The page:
11. I found many references to contact with Mrs Y’s GP and some other professionals such as district nurses, also to her slipping down the chairs. She had regular washes and showers though she became anxious about showers. I also noted occasions when staff had difficulty with oral care because Mrs Y would clamp her mouth shut.
  12. Mrs Y’s hygiene care plan from this time states:
    • To assist with a bath or shower at least once weekly
    • To support with personal cleansing activities throughout bathing
    • To use her preferred toiletries
    • To assist with having a wash on getting up.
    • To encourage to wash her own hands and face
    • To assist to brush her hair
    • To assist with dressing and help her choose what to wear
  13. These entries were split between bathing and shampooing, and personal hygiene. I found it difficult to see at a glance what Mrs Y needed around personal care, though this may be due to not seeing it on screen. There was also another section which dealt with oral hygiene.
  14. The comment from the falls/balance care plan review in February said Mrs Y had “slid out of her chair on a few occasions but no falls this month”. I did not see a care plan which addressed the problem Mrs Y had with slipping down in chairs.
  15. The records from August 2018 show Mrs Y had been losing weight, vomiting and, on occasion, spitting out her tablets. She needed much prompting to successfully take the medication. Her food and fluid intake varied with good days and bad days. She experienced occasional vomiting and fluctuating food and fluid intake through to January. In January 2019, Mrs Y became more unwell with a chest infection. She started liquid antibiotics as she was having problems swallowing. On 5 January, the records note her temperature and that she was quite warm. Staff gave her paracetamol and opened her window “a crack”. At teatime, she ate quite well and the following day family visited.
  16. On 7 January 2019, the records note that Mrs Y appeared a lot brighter and was not chesty. On 9 January, the GP said she was a lot better but to complete the antibiotic course.
  17. On 14 January, records note a decline in Mrs Y’s health. It notes poor food and fluid intake and she was reluctant to open her mouth. The following day the GP visited and prescribed more antibiotics. The family visited.
  18. On 16 January, the GP called to ask for an update. The Care Provider’s records show he said he would speak to the family, which he did.
  19. On 17 January, the records note an abscess had broken. The GP visited and spoke to Mr X who said Mrs Y should stay at the home, not go to hospital if she worsened. Mr X understood from the GP that Mrs Y was nearing the end of her life.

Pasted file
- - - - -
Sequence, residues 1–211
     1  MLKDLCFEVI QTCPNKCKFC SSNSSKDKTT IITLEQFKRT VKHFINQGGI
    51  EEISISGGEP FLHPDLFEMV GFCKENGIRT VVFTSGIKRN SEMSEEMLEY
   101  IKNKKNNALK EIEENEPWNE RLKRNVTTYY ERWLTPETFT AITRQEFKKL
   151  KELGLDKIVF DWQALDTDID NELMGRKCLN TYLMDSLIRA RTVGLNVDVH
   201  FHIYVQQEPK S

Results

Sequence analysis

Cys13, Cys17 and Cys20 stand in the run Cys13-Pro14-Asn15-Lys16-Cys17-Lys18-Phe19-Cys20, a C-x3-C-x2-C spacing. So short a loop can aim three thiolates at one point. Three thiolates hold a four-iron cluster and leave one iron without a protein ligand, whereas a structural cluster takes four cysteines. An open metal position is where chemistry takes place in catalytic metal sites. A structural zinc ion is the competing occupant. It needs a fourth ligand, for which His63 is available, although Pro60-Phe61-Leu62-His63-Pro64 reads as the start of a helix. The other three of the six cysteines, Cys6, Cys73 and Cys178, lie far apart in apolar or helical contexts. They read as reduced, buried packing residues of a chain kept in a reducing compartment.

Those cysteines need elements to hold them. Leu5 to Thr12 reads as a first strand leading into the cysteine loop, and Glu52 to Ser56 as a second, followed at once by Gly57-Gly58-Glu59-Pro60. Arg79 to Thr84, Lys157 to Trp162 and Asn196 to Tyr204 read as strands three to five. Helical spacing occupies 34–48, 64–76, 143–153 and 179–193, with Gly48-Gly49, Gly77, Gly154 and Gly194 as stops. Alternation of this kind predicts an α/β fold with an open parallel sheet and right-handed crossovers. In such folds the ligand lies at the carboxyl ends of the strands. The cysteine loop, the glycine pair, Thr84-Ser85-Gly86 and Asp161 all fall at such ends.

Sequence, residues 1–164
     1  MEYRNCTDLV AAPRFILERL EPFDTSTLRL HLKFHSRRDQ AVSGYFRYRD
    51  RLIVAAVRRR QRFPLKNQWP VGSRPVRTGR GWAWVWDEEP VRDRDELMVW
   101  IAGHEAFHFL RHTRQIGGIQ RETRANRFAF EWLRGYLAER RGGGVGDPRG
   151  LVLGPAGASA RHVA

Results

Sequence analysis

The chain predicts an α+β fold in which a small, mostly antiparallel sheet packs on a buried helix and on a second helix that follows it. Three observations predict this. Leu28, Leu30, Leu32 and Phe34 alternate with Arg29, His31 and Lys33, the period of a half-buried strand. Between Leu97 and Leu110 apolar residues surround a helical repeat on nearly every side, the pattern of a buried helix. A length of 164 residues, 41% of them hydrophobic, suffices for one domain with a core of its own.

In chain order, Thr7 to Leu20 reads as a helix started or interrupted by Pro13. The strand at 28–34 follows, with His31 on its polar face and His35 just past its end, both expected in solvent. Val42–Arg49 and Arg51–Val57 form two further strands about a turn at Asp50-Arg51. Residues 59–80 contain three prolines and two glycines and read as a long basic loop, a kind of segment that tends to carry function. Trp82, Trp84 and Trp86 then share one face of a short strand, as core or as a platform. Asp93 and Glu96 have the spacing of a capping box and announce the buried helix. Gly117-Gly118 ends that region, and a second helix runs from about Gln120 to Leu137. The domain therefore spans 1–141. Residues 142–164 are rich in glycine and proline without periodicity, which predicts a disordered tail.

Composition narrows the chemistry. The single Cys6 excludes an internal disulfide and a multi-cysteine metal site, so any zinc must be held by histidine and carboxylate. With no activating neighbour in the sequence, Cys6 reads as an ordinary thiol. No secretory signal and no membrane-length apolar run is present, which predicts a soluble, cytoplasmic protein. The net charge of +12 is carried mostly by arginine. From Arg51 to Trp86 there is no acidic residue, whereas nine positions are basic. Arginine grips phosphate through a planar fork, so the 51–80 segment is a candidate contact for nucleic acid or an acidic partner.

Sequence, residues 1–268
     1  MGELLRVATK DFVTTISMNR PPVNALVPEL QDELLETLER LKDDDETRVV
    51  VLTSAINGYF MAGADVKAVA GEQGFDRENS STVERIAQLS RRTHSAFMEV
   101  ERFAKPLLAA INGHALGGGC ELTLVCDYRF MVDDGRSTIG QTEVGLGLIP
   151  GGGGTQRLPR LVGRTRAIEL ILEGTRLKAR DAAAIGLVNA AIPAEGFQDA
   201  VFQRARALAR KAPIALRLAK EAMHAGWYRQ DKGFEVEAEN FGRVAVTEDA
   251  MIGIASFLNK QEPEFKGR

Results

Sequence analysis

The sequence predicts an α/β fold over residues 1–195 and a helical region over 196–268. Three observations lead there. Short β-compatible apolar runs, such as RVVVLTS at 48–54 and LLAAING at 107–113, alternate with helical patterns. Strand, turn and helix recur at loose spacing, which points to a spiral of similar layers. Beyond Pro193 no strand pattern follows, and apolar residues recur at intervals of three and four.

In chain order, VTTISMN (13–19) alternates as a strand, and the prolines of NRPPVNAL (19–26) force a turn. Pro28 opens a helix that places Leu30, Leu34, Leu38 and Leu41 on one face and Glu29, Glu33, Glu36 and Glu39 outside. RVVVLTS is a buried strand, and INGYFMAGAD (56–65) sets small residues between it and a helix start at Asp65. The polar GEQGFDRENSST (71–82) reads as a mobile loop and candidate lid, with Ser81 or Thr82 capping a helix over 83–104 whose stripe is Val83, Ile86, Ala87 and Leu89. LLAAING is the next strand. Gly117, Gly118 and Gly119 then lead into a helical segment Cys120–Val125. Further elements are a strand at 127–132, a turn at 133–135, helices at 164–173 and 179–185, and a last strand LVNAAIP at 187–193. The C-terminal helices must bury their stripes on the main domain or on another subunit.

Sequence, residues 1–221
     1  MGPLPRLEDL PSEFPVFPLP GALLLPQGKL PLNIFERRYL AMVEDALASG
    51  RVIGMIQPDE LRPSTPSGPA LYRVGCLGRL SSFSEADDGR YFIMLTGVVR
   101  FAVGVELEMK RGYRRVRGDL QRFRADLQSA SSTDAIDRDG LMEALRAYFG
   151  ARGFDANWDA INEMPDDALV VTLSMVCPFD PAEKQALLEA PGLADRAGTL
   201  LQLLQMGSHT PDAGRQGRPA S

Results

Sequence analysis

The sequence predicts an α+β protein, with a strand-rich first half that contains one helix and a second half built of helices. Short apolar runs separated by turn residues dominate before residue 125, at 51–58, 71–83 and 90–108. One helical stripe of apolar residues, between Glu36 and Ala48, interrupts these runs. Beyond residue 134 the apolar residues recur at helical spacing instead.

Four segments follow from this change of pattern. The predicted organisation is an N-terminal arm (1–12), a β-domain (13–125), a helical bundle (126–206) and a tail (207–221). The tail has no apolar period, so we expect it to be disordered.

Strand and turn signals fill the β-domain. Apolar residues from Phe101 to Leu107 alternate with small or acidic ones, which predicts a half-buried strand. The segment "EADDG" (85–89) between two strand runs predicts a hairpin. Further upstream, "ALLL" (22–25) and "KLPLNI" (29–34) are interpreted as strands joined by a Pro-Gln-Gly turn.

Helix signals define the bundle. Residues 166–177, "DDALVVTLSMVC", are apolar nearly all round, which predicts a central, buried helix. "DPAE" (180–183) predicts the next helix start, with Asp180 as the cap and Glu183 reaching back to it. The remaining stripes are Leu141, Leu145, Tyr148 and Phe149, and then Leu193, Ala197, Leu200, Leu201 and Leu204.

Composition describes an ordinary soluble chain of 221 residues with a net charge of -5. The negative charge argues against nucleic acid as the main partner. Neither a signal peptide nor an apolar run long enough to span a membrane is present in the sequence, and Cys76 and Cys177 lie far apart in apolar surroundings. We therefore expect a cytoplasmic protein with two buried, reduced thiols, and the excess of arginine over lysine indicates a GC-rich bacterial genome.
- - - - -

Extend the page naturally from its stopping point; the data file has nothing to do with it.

20. On 18 January, the out of hours GP visited and arranged for interim nursing care until the home could arrange for her to receive 24 hour nursing care. This combined visits from district nurses and support from the qualified nurse on duty in the home.
  21. On 19 January, the GP visited and stopped Mrs Y’s regular medication. The following day the records note she was alert and chatty. She took small sips of water.
  22. On 21 January, Mrs Y was more settled. She was sliding from the chair and slid from the wheelchair to the floor. The records note she managed a yoghurt, some porridge and some pudding. The Care Provider added her to the list for a GP visit on his routine round in two days.
  23. The following day the GP visited because family were unhappy that Mrs Y would wait another day to see him. He advised the care staff to continue with her smaller medication and one that she found difficult to swallow as he did not want her to stop taking it. The care staff asked the GP to discuss this with the family.
  24. On 23 January, the GP referred Mrs Y to a speech and language therapist (SALT) for a swallowing assessment, and a dietitian.
  25. Mrs Y slipped from her chair to the floor again. Her hand was swollen and the GP sent her to hospital for an xray which was clear.
  26. The Care Provider’s complaints process says it will acknowledge complaints within three days and keep the complainant informed of progress. It gives no other timescales and no contact details for the Ombudsman.
  27. Mr X says Mrs Y moved to another home where she is much happier.

Was there fault which caused injustice?

  1. I found the Care Provider’s complaints process was not satisfactory. Although several of the Care Provider’s responses to Mr X’s concerns were appropriate and helpful, it did not respond adequately to some of the issues. It sent a holding letter advising it would investigate his concerns in January 2019 when Mrs Y became seriously unwell but did not follow this up properly. It should have given Mr X a final response detailing the findings of the investigation and signposted him to the Ombudsman.
  2. The Care Provider also gave notice to Mrs Y who was frail. Neither Mr X’s complaint, nor his approach was an adequate reason to give notice and it is likely to have caused Mrs Y a degree of distress. It also caused Mr X some avoidable stress, frustration and inconvenience. This is a potential breach of regulation 16 and therefore I will share a copy of this decision with the CQC.